When I go into schools I spend most of my time asking children what they like to read. They like the back pages. They like Match and Match of the Day. They like biographies of Rooney and Messi and Pele. They like football fiction like mine, Dan Freedman's and Rob Childs'.

This is great news. It means boys read. Boys read for pleasure.

The one hurdle is that just a few adults think that reading about football is trivial, not real, not rewarding. I know this is the minority. I know most teachers and parents and librarians celebrate any reading in boys and girls.

If boys read about football for pleasure it means that boys read for pleasure. And girls.

And, of course, it's not just football. It's guitars, it's cars, it's whatever they are into.

Thursday, 22 March 2012

EURO 2012 Predictions

It's too early to start making predictions for Euro 2012, but I'm trying to get my mind off domestic football this week.

Please don't ask.

AND I do say on these Euro 2012 scorecards that I'll be making predictions.

So, seeing as I am giving them out to eager football fans in schools now, I'd better make some.

Here goes. My quarter finals, semis and final. And winner.

Quarter finals
Czech Rep v Holland
Germany v Poland
Spain v France
England v Italy

Semi finals
Holland v Spain
Germany v England

Spain v Germany


Yes, I have taken England further than they, perhaps, will go. But it is no fun doing these predictions unless you get England to the semis, is it? Unless you're not English, of course.

Feel free to add your predictions...

Monday, 19 March 2012

England Top

I'm still getting increasingly excited about Euro 2012.

A couple of days ago I bought the new England top. Here it is, modelled by me in my Welsh hotel room tonight.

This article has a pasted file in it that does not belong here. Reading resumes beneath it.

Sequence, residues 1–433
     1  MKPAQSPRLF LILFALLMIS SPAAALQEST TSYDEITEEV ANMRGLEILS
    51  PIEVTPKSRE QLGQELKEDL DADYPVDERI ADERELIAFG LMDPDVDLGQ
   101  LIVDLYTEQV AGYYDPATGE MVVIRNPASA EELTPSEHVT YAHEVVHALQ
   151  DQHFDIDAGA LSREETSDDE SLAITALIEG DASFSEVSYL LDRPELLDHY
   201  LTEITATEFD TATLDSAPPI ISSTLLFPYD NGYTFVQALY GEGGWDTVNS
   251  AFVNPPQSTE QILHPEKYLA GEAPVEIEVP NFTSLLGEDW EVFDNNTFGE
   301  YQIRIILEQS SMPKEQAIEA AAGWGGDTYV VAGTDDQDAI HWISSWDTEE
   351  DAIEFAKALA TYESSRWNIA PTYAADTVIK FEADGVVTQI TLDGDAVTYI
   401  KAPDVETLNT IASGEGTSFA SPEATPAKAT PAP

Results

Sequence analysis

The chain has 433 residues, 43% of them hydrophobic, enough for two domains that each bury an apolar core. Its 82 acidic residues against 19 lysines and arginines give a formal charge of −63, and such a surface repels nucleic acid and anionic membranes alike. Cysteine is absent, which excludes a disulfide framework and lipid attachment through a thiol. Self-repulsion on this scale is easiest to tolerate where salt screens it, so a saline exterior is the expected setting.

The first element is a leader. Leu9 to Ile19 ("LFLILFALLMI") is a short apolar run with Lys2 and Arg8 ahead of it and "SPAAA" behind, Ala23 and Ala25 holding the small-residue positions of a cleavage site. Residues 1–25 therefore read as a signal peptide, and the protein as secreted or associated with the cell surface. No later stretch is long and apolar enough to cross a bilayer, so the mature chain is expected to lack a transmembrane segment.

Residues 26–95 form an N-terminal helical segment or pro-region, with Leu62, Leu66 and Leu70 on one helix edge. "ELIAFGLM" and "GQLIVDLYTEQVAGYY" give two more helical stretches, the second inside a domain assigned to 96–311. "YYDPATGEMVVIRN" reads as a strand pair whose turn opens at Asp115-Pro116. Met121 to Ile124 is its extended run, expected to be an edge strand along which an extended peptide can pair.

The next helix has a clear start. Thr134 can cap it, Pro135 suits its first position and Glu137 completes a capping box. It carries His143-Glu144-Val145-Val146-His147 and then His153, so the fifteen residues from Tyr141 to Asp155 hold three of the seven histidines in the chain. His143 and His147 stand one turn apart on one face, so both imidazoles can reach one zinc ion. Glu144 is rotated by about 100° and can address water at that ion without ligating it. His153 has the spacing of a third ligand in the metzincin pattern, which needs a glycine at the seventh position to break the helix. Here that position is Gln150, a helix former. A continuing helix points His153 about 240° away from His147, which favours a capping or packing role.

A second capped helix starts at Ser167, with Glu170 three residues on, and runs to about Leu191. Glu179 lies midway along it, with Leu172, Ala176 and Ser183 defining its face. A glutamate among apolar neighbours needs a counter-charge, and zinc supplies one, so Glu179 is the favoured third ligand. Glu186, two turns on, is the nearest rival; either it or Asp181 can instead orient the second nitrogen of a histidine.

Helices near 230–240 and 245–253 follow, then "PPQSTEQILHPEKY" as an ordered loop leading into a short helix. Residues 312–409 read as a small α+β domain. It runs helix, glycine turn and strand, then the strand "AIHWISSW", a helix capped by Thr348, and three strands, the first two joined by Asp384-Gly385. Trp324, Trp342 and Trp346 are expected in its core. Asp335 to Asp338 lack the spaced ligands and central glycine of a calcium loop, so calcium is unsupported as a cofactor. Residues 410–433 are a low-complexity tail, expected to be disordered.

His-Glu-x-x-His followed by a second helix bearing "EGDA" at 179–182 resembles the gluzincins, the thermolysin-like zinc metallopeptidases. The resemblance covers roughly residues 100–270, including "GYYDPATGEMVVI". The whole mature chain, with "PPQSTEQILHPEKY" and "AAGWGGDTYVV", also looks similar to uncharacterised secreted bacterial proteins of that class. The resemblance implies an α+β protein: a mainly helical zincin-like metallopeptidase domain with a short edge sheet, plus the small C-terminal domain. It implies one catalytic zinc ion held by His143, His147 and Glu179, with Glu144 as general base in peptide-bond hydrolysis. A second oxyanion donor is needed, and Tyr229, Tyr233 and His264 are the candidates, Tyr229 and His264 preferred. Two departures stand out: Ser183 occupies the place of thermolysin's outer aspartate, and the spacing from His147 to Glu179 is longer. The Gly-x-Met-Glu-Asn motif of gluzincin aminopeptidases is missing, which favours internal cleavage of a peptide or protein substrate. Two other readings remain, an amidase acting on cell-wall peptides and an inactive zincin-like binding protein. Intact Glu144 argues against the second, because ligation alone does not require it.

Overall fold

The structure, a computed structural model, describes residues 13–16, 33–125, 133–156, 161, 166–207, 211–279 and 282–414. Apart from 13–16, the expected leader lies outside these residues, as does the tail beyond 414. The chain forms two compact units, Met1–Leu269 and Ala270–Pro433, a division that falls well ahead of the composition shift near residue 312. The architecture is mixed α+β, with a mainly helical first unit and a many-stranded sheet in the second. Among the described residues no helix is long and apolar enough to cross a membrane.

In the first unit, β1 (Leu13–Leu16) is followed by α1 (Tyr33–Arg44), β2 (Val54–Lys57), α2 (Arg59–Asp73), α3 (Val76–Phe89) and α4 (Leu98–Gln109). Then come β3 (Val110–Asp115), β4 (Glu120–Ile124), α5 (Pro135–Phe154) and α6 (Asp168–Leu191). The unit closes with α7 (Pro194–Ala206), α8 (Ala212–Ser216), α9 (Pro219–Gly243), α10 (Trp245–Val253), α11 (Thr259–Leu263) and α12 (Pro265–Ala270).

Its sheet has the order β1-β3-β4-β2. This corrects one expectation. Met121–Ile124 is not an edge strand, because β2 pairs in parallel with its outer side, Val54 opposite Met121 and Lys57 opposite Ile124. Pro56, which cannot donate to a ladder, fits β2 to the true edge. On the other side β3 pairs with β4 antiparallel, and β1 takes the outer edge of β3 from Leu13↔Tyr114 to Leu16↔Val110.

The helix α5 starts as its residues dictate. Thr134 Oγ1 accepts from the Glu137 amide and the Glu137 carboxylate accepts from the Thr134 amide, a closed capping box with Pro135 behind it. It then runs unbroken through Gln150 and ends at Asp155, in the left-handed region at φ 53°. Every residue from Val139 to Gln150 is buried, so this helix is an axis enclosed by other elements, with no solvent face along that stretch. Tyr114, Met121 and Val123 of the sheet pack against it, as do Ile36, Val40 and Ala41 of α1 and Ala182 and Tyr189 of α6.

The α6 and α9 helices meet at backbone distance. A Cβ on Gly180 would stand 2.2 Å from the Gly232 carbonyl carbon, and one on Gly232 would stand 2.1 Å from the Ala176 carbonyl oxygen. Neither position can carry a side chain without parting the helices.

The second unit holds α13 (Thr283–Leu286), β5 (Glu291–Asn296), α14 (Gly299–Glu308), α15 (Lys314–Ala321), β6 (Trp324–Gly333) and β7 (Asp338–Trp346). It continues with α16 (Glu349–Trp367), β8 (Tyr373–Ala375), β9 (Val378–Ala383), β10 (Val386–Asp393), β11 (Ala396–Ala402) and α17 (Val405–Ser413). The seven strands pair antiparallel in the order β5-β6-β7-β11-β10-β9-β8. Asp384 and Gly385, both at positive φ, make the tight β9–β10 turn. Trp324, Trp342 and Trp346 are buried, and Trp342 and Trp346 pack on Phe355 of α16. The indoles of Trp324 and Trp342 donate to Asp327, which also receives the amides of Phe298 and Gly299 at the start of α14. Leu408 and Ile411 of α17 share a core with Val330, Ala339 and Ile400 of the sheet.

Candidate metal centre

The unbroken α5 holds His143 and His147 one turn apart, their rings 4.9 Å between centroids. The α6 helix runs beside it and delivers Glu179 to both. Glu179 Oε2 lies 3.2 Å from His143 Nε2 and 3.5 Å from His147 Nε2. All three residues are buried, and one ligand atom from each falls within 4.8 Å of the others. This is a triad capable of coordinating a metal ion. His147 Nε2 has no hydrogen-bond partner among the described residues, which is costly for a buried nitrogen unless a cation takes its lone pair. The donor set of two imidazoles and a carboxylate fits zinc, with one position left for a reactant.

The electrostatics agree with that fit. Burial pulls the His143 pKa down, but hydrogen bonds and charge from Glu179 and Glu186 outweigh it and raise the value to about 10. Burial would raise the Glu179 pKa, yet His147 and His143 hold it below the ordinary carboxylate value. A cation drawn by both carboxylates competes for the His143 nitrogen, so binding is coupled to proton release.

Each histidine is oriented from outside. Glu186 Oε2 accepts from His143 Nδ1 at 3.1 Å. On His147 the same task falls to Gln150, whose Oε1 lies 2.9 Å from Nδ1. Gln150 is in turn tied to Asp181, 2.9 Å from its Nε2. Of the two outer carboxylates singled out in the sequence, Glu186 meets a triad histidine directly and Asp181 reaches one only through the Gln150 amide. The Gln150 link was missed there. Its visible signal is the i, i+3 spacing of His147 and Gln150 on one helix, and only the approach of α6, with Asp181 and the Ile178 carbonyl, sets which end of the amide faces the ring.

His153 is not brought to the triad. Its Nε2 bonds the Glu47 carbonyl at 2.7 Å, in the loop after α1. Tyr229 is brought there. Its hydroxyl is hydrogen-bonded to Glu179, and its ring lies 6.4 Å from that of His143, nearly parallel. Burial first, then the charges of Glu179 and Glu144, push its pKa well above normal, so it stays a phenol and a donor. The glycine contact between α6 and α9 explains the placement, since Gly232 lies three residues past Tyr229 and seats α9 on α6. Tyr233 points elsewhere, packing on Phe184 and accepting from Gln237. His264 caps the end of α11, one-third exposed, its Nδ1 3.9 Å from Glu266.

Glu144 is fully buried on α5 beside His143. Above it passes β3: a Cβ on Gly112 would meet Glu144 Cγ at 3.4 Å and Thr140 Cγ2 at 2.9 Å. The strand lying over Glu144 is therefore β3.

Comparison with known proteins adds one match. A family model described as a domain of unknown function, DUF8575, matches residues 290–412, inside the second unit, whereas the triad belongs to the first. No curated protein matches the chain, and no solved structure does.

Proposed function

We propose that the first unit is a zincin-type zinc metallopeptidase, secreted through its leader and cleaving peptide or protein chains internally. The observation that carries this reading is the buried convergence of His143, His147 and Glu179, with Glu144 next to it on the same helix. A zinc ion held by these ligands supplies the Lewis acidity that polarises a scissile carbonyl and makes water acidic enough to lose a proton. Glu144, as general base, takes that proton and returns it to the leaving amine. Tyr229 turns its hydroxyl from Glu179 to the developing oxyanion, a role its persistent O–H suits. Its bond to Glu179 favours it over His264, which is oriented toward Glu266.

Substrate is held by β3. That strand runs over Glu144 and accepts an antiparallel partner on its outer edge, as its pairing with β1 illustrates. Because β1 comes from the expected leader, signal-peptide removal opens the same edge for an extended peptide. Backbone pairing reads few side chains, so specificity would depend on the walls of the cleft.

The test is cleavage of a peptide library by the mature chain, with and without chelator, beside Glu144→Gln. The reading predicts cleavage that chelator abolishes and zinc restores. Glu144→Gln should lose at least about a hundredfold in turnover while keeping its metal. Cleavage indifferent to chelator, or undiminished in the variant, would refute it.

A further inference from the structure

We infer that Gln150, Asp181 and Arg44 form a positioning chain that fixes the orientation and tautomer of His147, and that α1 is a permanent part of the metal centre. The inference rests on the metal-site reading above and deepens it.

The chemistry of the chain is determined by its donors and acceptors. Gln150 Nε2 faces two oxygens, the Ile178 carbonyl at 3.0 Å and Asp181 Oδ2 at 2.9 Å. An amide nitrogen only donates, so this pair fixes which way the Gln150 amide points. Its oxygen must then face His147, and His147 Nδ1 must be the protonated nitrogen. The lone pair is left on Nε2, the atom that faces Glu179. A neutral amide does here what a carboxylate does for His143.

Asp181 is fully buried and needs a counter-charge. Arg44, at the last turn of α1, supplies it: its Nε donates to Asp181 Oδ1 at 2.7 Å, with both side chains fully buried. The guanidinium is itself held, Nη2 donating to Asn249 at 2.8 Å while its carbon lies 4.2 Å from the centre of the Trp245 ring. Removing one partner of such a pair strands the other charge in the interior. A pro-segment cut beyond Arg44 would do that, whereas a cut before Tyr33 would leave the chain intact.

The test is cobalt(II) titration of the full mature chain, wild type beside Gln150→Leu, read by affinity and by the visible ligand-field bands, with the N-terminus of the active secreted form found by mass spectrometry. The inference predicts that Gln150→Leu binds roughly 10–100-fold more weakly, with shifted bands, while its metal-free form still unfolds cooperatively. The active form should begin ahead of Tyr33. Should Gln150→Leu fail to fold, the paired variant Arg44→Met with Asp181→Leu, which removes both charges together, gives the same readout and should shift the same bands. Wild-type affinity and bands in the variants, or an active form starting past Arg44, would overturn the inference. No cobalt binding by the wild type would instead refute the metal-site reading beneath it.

Curtains closed. No need to cause offence.

I arrived in Wales this evening, zipping up my jacket, just in case...

Tomorrow I am in Merthyr Tydfil. I'll go plain-clothed.

Today I was in a Albrighton Primary school. It was a lovely day, finished off with a game of five-a-side in the playground. I'm a lucky man.

Back to Euro 2012. On train today I saw a newsstand selling a preview for the tournament. 83 days to go...

Friday, 16 March 2012

Yes, there are only 85 days to go until EURO 2012 begins. Excited yet?

Well, I am.

Today my Black Op scorecards arrived. A handy pocket-sized guide to the tournament's fixtures that you can fill in with the scores - while monitoring England's progress.

I have already promised the scorecard to hundreds of children.

If you want some for your school, child or library, do get in touch.

Friday, 9 March 2012

Fear is not 400 kids in Woking

I am at a service station on the M11, heading home after a fortnight talking about fair trade, football and reading in schools around the country.

I've been from Lincolnshire to Portsmouth, from the New Forest to Canterbury, with my car boot full of fair trade choc diminishing as I drove...

It's been a brilliant tour. The most memorable thing is how children are very keen that we pay people fairly for the crops they farm and that feed us. And that is exactly what fair trade is about!

Speaking to 400 children in a football stadium (as I did in Woking, above, yesterday) may look frightening. And it was. A bit.

But tomorrow's job is more frightening. I have to operate the CD player for my daughter's dance at a festival tomorrow.

You want some fear: try doing that.

I can't wait to get home.